My behavior at work, oddly enough, is largely controlled by an incident that happened 15 years ago when a manager whom I respected a great deal told me, after he had noticed me jumping up and down and waving trying to get someone's attention inside a manufacturing facility, that although how one acted should not affect how one is perceived and thus promoted, the simple fact was that it did.  And so began a long period of acting at work the way I thought people in my profession should act, which would generally be "professionally" and (frankly)  boring.

I suppose I did not think about it for a long time until about two years ago, when I took a personality quiz by Sally Hogshead ( which related personality types to personal and personnel interactions. What did I get?

Bold.  Artistic.  Unorthodox.  This, supposedly, is my way of being.

And you know what?  It kind of is.  No, I do not actually have a rock band nor have I ever had one, but I am kind of this way.  My personality, especially for my industry, is unorthodox.  I am artistic - and, in my own way, bold.

And you know what?  I am happiest when I am that way.

Which brought me to the next level of this proto-epiphany:  Being The Authentic You.

I am happiest when I am authentic, when what I am and what I appear to be by my actions are as close as possible.  When I am being The Authentic Me, even a bad situation can be made better simply by the fact that I am living and acting as myself.  Likewise, a mediocre situation can be made much worse by having to act as other than I am.

As I pondered this thought, I came to realize that this is a key concept.  Being yourself authentically - making the inner you and outer you match as closely as possible - is one of the ways that things get done, because if we do not feel truly like ourselves we will never be totally invested in what we are doing.  Instead, we will be playing role of someone that other people want us to be, working to accomplish things not in the way we would do them but rather how others want them done.

The truly successful people I know - and money does not equal success in every circumstance, just as a reminder - are exactly this way.  They simply are themselves in the midst of the situations they find themselves in instead of conforming themselves to the situation.  And more often than not, it seems that they are able to bend the light around them such that they can be themselves without having to compromise while accomplishing all that they need to do.

Mark it:  Being The Authentic  You means the difference between success and failure in a great many situations.  The questions then are two:  Do you know the authentic you, and are you being that person?

Wednesday, July 22, 2015

Leveling Up

Last night in class we worked a shoden level paired waza (or kumitachi), Nanahon mei no kata.  This particular kata consists of both blade work and open hand.  For me, sword work is generally easier.  Open hand (literally the translation is kara te, from which we get the word karate) is somewhat conceptually more difficult for me as I have not really done a great deal of martial arts and thus I am essentially learning this all for the first time.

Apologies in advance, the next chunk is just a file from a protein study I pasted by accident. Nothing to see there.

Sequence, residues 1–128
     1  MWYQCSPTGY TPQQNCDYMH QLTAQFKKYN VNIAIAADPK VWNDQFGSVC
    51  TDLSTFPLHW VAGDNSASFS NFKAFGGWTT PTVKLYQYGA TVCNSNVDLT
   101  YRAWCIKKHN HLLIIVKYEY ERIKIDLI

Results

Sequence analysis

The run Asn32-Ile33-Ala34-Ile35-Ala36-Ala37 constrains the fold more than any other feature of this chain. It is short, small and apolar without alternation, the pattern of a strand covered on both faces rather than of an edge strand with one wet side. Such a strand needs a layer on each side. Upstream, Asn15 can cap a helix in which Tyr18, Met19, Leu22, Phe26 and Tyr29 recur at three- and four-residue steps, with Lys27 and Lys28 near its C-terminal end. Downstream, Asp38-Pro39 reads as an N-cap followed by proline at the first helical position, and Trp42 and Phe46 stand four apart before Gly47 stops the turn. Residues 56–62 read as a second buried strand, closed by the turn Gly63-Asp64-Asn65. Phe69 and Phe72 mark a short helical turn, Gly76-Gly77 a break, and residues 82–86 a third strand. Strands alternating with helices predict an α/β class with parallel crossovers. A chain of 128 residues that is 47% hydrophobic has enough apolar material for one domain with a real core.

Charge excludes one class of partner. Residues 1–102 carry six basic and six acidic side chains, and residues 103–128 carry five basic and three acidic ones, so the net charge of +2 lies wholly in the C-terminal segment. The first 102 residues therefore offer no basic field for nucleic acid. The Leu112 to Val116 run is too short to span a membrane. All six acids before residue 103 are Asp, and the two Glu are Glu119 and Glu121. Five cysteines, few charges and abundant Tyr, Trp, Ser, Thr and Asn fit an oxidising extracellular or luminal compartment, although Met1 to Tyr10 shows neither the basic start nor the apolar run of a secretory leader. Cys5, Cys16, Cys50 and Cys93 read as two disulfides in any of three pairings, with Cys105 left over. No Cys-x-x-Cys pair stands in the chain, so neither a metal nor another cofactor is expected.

Tonight was a night of corrections for me, mostly around my form and even my basic movements.  I do not mind the correction as I desperately need it.  About halfway through night sensei clarified that his intent was not to pick on me; rather, it was to help me level up for eventual attendance to a training in Japan.

Leveling up.  Oddly enough it is a concept that anyone who has played role playing games or even electronic games understands:  get enough points or enough items of value and you "level up", generally gaining more powers and become more hardy.   But a concept that we in real life do not seem to consider is even possible.

Part of the problem, I suppose, is that leveling up in real life is not as clear cut as leveling up in a game.  In a game, there is a known threshold to hit:  10,000 points, 50,000, 100,000 points.  In real life such a hard threshold does not exist: we perhaps simply seem to arrive at some point with a greater ability to do what we need to do than what we had before.

Bur really, leveling up is as critical in real life as it is in any game.

Leveling up means that we are getting better.  We are gaining more knowledge or skill.  We are no longer a rank amateur with no idea of what to do; instead, we have some level of skill and knowledge that we can apply to do things better and faster.

We could help ourselves, I suppose, sort of like the belt system in martial arts.  Within interests or fields or organizations there is often a sense (or such a sense could be drawn up) about what a particular body of knowledge or area should know, like the old system of apprentices and journeymen. Knowing that body of knowledge and demonstrating knowledge or practice of it would be enough to move one to the next level.

It gives one a goal. It gives one abilities and knowledge.  But most of all it gives us the ability to note the forward progress in our lives instead of leaving us flail about, always feeling like we should be moving forward but never able to give voice or representation to it in a meaningful way.

Tuesday, July 21, 2015

On Ownership II

This thought of Ownership haunted my thoughts all day yesterday as I went through my daily work routine.  At each point, in each task, I asked myself "Do I own this?  Should I own this?"